2. Honor Your Birth Family
Speaking negatively of a child’s birth parents will weaken your family. Conversely, talking with your child about their birth family openly and with respect will show your child the confidence you have in your relationship with them and with their birth parents.
Most adoptive families enjoy an open and close relationship with birth family. Others may have a more closed adoption, or may have a more strained relationship with their child’s birth parents.
Regardless of the relationship you share, always honor your child’s birth family.
- Adhering to any post-adoption communication agreements you may have.
- Always speaking well of birth parents, in public and in private.
- If sharing negative or uncomfortable details with a child about their adoption, (drug abuse, neglect, etc.) you do so in an age-appropriate way, and remind them that even though birth parents make mistakes like everyone else, they still made their adoption decision out of love.
- Reassuring your child of how much their birth parents love them.
- Respecting your birth family’s right to privacy, and never sharing details of their story without their permission.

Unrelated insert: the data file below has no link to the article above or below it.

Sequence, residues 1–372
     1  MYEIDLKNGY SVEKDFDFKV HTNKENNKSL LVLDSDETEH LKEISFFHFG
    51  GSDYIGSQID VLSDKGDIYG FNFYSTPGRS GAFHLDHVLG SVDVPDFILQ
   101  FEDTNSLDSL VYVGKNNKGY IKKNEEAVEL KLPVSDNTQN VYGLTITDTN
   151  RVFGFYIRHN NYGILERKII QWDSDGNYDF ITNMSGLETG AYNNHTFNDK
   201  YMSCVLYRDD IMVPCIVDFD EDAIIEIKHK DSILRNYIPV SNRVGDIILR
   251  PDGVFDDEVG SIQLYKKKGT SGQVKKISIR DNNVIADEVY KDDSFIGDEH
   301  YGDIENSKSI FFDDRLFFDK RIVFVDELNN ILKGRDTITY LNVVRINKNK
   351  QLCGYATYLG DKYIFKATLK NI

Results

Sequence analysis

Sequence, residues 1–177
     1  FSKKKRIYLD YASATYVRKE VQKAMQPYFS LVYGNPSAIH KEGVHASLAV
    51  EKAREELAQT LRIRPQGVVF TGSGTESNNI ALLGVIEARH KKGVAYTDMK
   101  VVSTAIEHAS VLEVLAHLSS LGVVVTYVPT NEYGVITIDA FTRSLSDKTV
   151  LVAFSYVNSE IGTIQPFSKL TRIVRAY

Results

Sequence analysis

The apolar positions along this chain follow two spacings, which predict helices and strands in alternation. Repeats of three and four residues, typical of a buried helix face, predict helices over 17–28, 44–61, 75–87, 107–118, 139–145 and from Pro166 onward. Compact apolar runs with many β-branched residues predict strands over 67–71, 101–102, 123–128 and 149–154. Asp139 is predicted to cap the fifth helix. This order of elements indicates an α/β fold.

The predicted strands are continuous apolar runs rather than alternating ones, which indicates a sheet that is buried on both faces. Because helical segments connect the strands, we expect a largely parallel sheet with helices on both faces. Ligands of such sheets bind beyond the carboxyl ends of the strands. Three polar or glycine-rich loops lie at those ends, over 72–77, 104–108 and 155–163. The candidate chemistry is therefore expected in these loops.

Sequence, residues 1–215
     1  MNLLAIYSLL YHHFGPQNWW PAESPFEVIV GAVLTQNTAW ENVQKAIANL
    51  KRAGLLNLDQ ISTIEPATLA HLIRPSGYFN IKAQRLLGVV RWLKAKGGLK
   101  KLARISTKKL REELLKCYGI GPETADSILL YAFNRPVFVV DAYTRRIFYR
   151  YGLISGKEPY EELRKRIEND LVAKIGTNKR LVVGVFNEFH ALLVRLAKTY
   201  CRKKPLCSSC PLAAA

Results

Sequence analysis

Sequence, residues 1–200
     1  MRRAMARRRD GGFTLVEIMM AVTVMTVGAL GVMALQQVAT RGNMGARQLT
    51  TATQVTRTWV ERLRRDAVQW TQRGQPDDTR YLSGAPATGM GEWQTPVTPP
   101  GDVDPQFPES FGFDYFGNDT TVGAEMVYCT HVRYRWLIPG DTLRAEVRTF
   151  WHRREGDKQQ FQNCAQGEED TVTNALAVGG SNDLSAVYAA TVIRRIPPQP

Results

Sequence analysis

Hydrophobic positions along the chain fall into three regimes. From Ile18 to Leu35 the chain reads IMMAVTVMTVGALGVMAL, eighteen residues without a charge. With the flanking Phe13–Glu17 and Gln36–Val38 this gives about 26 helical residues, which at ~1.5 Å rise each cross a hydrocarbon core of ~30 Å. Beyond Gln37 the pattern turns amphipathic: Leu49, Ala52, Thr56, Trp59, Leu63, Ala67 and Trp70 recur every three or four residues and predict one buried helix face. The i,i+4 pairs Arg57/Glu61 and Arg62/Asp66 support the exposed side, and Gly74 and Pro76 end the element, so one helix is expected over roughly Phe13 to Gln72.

Choosing to ignore or downplay a child’s birth parents can make an adoptee feel as though the subject is taboo. Instead, talk with your child about their birth family regularly, and always do so with love and respect.
3. Celebrate Adoption Often
This can mean something different for everyone. A few ways to celebrate and honor adoption include:
- Re-telling the story of how you became a family.
- Getting involved in the adoption community.
- Visiting with birth family, calling them, sending them a gift or card, etc.
- Annually recognizing a child’s adoption on the day their adoption was finalized, and honoring the feelings of both joy and loss that may accompany it.
- Creating an adoption scrapbook, or including photos of your child’s birth family along with your other family photos around your home.
Promote a general attitude in your family that adoption is something to be celebrated and embraced. This will strengthen your family bonds, as well as strengthen your child’s confidence in how adoption is viewed within your family.